If you struggle with prescription glasses or contacts, you may be interested in exploring refractive surgery. Orchard Park Optometry works closely with the local refractive surgeons, right here in Kelowna, to provide your pre- and post-surgical consultations. We will advise if you are a good candidate for refractive surgery and refer you to the best, most trusted surgeons in the Okanagan.
Refractive surgery is the term used to describe surgical procedures that correct common vision problems (nearsightedness, farsightedness, astigmatism and presbyopia) to reduce your dependence on prescription eyeglasses and/or contact lenses. Currently, a laser procedure called LASIK (LAY-sik) is the most popular refractive surgery performed in Canada. There are other types of refractive surgery including other laser procedures such as Intralase that may be more suitable for patients with more complex prescriptions. Intraocular lens implant procedures are gaining in popularity and may be more appropriate for those over 50 who have problems with both far and near vision.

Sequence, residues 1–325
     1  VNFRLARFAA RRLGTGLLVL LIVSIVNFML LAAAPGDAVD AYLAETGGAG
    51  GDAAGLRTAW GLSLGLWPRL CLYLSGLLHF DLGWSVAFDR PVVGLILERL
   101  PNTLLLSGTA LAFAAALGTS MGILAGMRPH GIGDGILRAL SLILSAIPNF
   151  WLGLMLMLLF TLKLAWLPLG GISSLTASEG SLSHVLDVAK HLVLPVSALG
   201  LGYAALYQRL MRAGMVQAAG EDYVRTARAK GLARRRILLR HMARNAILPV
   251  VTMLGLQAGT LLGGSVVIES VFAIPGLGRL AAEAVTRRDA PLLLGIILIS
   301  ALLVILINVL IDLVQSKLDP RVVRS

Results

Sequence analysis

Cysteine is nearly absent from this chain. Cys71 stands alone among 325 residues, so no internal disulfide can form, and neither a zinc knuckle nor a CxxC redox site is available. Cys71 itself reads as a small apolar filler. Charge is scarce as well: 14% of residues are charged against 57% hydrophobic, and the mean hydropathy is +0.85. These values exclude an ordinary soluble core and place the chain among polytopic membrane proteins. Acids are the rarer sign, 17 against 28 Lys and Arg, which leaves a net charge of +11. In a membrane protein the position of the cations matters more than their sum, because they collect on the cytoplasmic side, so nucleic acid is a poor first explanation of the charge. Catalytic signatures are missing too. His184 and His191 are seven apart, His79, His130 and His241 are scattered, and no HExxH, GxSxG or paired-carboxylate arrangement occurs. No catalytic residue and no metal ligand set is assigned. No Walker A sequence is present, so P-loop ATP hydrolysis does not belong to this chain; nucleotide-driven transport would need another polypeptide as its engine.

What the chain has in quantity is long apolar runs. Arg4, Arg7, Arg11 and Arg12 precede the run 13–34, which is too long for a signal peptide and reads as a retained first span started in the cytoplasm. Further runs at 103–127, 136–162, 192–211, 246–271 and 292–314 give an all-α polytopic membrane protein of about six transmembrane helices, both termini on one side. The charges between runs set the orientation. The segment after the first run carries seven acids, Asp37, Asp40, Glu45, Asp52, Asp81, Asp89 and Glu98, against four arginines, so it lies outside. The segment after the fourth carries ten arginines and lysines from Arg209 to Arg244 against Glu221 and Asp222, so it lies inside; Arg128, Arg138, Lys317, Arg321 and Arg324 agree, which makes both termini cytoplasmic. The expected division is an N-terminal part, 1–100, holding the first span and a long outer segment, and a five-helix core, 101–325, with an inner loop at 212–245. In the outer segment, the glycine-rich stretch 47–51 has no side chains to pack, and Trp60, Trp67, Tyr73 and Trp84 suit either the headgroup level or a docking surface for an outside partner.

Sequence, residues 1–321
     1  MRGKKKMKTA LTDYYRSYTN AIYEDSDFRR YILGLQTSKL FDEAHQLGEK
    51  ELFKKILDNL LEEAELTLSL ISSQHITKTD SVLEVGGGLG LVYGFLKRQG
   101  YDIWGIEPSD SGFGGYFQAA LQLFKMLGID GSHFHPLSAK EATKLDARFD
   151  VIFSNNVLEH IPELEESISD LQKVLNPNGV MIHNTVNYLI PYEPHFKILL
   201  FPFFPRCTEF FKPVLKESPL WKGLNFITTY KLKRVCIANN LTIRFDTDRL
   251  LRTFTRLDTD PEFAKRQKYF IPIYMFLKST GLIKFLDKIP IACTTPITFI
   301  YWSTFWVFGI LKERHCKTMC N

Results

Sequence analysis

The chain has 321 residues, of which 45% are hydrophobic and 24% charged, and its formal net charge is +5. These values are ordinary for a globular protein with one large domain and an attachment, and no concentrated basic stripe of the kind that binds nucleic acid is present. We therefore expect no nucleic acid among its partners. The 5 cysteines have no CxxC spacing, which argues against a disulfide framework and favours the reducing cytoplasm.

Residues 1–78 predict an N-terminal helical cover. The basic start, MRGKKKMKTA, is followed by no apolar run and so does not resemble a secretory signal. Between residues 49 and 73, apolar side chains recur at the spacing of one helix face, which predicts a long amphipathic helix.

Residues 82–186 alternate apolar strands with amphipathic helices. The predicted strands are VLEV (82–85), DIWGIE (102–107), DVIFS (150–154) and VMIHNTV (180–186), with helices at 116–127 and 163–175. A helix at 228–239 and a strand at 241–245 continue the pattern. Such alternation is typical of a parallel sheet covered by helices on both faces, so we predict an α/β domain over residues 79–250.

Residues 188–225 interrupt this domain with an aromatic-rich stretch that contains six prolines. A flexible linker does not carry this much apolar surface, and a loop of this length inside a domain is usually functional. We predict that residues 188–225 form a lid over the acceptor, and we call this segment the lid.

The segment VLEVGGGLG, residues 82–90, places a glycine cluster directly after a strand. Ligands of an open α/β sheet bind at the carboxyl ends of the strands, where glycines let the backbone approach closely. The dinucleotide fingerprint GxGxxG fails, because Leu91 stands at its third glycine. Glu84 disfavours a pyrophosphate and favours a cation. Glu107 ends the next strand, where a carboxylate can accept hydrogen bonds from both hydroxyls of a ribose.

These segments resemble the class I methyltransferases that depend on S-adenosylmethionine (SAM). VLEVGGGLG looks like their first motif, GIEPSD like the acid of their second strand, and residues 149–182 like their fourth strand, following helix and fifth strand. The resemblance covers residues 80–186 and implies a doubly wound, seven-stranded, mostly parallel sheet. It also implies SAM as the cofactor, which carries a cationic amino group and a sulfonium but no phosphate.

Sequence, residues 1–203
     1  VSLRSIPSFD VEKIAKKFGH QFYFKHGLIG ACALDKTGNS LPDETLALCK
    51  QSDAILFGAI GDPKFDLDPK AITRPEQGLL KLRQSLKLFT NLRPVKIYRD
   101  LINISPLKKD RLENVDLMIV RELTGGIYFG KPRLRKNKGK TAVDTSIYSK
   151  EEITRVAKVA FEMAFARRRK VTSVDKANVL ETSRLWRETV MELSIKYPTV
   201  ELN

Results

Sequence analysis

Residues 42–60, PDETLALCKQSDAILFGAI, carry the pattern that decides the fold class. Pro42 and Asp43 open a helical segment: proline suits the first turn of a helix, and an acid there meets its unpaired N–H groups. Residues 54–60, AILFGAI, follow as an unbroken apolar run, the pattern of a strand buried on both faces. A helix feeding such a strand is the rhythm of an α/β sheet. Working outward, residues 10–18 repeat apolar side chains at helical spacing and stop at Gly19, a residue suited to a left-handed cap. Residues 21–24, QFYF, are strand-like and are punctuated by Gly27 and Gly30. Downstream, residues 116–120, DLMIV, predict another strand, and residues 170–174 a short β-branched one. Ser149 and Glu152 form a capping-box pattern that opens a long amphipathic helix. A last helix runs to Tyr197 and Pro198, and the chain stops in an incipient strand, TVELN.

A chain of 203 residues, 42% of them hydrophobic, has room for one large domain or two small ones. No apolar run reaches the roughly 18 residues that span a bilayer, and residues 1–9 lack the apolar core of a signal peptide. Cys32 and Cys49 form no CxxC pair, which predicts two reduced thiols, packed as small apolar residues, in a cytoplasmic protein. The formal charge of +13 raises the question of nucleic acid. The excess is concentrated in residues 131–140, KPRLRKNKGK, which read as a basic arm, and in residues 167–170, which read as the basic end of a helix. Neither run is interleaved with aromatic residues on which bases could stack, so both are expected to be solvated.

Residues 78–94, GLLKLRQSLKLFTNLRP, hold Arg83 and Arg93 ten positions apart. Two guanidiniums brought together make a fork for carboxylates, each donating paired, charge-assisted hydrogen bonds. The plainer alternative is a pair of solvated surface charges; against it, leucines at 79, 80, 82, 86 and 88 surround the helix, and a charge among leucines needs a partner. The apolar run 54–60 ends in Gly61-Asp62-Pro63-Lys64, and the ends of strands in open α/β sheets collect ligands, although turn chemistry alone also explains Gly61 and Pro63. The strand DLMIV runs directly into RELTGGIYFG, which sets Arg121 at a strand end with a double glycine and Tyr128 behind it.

Every person has unique visual needs and there are many factors to consider when deciding whether or not to have eye surgery that go well beyond the ads on the radio. In fact, a discussion about refractive surgery with your optometrist may be one of the most important ones you have in your life.
This is why a consultation with your optometrist is so vital. The surgical centre a friend or loved one went to may have worked for them, but your eyes are more unique than your fingerprints and what worked for them may not work for you. There are several types of technology that exist today and the procedure that will be recommended is based off of a significant amount of information so that it can be customized to you. Because some people have much more complex prescriptions or eye health considerations than others, some procedures are more expensive than others.
Laser eye surgery does not stop someone’s eyes from changing, it just corrects it at that moment in time. Of course the goal is to perform the procedure during a time period when eyes are typically stable for extended periods, but eye surgery should be considered to be a reduction of the need for vision correction over a lifetime but most likely, not elimination.
A consultation with your optometrist is a great start, but here are some general guidelines: